From a business standpoint, it makes sense to ensure your website is as accessible to a wider audience as possible, including those with blindness or low vision, deafness or hearing loss, learning disabilities, cognitive limitations, limited movement, or combinations of these.

This matters just as well from a legal compliance standpoint, as there have been many case studies of lawsuits filed for companies failing to ensure sufficient website accessibility as codified into law by the American Disabilities Act (ADA).

However, this does not only apply to your website. It is just as important to review all electronic documents that a visitor would access on your website, particularly PDFs.

These best practices will help to ensure that your PDFs are compliant with accessibility standards:

Files & Content

  • Use proper headings within the document to clarify sections, i.e. H1, H2, H3.
  • When naming, the document file name should not contain any spaces or special characters.
  • The document file name also needs to be concise, generally limited to 20-30 characters, and should clarify the contents of the file.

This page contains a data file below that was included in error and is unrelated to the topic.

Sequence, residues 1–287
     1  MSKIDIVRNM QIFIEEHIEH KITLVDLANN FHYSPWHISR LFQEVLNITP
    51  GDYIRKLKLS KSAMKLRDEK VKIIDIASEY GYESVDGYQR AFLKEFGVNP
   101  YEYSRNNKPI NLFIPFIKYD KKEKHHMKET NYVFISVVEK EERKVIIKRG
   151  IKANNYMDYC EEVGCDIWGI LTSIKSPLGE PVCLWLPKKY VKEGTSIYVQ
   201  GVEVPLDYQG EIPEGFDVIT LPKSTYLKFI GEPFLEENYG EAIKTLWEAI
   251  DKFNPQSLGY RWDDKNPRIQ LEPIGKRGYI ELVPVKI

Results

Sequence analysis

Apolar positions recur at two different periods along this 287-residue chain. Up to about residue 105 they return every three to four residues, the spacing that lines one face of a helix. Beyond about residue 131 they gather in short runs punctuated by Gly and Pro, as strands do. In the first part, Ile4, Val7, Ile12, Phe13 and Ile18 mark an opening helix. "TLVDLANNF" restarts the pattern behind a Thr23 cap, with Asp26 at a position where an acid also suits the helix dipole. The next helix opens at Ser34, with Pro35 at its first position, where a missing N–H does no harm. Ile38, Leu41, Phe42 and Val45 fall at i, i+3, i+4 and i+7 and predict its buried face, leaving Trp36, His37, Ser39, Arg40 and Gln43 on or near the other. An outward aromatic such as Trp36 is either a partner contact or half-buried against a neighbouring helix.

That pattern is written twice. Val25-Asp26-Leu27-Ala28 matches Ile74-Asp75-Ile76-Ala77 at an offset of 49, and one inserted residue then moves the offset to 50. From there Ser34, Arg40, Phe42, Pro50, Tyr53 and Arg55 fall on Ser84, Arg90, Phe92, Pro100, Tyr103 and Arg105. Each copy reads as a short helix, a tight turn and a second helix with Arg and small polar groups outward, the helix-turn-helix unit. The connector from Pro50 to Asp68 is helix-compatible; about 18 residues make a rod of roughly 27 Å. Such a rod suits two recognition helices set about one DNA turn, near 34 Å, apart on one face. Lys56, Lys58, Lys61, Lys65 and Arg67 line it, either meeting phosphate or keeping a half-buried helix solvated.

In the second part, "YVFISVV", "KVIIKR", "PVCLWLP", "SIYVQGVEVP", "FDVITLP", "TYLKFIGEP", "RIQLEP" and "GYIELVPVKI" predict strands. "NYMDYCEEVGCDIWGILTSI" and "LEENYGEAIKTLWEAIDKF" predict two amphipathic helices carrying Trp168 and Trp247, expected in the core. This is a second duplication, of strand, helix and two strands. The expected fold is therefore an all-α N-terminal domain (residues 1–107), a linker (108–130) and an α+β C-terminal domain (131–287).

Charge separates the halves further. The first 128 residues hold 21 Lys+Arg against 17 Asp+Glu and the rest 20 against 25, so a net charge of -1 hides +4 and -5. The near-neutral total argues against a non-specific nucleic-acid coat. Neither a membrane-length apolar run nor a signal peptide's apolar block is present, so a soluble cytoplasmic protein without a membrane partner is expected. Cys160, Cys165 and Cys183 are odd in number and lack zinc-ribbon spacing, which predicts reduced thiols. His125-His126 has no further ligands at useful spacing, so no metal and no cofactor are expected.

Organization:

  • Tag all PDFs. Documents must be tagged to allow checking for Section 508 accessibility.
  • All Document properties/Meta Data should be filled out Title, Author, Subject, and Keywords.
  • Add Bookmarks in documents longer than nine pages to aid in navigation. Bookmarks should match the headings used in the document.

Extra Features

  • Images must have alternative text to help describe what is there. This is a common problem in webpages and in PDFs.
  • Set the column and row headers for simple & complex tables.
  • Enable Assistive Technology access.

For more information on making your PDF’s ADA compliant, including a verification tool, check out this page from Adobe Acrobat.

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